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GlaxoSmithKline Embroiled In Bribery Scandal In China

GlaxoSmithKline officials have admitted that some of the pharmaceutical company's top executives in China may have violated Chinese laws. Beijing has accused the company of engaging in a wide-ranging bribery scheme to boost sales and profits in the country. The company said it is cooperating with the investigation.
NPR

How An Ethiopian Bean Became The Cinderella Of Coffee

Some of the worst-paid farmers in Ethiopia were able to get their bean to the specialty coffee ball and sell to top U.S. roasters like Stumptown. But it only happened after the growers got organized and attracted the attention of coffee prospectors from the U.S.
NPR

As Cambodian Factories Expand, Conditions Are Criticized

A new report says the industry's rapid growth is partly to blame for worsening working conditions. The U.N. report comes just months after a building collapse in Bangladesh killed more than 1,000 garment factory workers.
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D.C. Contract For Scratch-Off Lottery Tickets Expires

The District of Columbia Lottery is becoming a rarity—a state-level lottery system without a scratch-off ticket vendor.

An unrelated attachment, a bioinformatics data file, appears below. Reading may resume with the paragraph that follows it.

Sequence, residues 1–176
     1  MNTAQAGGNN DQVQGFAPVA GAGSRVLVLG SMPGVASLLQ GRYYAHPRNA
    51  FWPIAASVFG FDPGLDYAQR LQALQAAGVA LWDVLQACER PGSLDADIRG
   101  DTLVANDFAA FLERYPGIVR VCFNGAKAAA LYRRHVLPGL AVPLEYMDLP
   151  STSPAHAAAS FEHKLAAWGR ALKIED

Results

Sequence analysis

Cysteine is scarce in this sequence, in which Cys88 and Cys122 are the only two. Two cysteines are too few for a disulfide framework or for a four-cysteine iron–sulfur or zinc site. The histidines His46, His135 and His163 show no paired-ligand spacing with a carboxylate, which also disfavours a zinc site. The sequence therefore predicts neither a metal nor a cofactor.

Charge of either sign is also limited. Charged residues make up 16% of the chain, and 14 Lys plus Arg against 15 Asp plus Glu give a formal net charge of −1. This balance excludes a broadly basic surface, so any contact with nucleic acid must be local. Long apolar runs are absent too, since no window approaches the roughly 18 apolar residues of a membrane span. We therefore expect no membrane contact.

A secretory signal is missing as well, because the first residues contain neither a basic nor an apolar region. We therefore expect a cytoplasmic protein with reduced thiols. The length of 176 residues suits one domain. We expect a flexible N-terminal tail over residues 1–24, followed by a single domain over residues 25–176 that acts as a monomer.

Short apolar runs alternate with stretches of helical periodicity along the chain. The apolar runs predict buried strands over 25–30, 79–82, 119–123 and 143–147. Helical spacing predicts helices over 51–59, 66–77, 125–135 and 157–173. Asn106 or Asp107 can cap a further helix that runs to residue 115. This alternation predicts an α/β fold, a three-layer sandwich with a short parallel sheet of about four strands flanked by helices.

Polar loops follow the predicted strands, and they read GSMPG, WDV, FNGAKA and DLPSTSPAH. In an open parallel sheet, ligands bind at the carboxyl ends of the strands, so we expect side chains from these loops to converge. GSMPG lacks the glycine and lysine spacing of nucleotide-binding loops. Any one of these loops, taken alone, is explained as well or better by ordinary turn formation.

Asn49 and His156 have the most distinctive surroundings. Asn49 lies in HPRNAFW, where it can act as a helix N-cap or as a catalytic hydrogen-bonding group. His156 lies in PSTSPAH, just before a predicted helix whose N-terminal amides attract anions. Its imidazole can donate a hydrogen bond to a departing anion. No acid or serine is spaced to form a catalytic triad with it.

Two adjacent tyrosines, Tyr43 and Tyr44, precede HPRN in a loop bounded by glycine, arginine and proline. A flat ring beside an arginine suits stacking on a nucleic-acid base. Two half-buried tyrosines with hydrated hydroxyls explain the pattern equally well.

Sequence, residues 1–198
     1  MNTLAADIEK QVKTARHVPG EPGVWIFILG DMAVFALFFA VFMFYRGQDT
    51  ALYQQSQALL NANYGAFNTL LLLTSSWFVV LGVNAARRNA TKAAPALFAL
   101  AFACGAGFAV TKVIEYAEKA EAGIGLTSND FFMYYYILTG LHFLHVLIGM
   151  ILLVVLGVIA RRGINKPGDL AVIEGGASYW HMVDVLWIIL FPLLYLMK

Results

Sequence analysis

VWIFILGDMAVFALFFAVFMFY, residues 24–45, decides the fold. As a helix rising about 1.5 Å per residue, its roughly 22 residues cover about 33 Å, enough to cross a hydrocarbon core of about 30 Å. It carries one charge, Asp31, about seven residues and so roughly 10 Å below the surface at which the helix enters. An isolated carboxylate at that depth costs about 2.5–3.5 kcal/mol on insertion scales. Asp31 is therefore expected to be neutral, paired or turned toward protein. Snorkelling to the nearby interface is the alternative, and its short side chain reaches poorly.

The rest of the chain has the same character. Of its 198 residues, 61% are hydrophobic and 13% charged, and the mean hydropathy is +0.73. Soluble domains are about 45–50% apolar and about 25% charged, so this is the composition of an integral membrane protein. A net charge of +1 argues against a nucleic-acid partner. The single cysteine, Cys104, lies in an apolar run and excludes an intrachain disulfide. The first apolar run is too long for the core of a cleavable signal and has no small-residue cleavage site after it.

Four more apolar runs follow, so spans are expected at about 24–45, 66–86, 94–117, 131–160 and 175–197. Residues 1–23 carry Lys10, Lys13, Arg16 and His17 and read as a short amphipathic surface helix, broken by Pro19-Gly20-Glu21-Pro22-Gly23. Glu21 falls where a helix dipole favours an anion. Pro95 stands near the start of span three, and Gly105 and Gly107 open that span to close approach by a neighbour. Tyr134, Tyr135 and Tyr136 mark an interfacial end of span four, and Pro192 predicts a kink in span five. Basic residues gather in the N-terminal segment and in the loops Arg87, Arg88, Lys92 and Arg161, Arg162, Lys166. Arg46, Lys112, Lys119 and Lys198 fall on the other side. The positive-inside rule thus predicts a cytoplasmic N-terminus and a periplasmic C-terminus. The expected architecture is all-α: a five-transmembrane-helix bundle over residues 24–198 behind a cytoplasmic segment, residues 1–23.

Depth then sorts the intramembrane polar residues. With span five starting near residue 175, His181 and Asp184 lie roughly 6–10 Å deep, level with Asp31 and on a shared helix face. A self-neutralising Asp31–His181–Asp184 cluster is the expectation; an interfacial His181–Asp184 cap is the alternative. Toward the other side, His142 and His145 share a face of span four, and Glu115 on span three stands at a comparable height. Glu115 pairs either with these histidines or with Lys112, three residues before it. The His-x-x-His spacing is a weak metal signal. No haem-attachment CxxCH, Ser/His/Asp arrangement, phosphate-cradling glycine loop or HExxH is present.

NPR

High-End Stores Use Facial Recognition Tools To Spot VIPs

Some retailers have experimented with using signals from customers' smartphones to track them as they walk through a store. But a new facial recognition system is helping luxury shops give the VIP treatment as soon as big spenders walk in the door.
NPR

Flying High And Low In 'Full Upright And Locked Position'

In a new book, aviation consultant Mark Gerchick writes that "the magic of air travel has morphed into an uncomfortable, crowded and utterly soulless ordeal." He talks about how it's gotten so bad, why there are so many hidden fees and if there actually is less leg room than there used to be.
NPR

What A Bankrupt Detroit Means For The Auto Industry

Detroit this week became the largest American city ever to file for bankruptcy. Host Jacki Lyden talks with NPR business reporter Sonari Glinton about what Detroit's fiscal woes means for the nation's auto industry, which is famously linked to the city.
NPR

Helen Thomas, Former Dean Of White House Press, Dies At 92

Thomas, who spent decades at the White House reporting for United Press International and later Hearst Newspapers, covered every president from Eisenhower to Obama.

NPR

Detroit Businesses See Opportunity In Bankruptcy

In Detroit, many business owners hope that filing for bankruptcy will help the city start fresh and ultimately become a thriving urban center mirroring other cities that recovered from near financial ruin.
NPR

SEC Charges Hedge Fund Billionaire Steven Cohen

The 57-year-old founder and head of SAC Capital Advisors is accused of allowing senior employees to make trades based on inside information.

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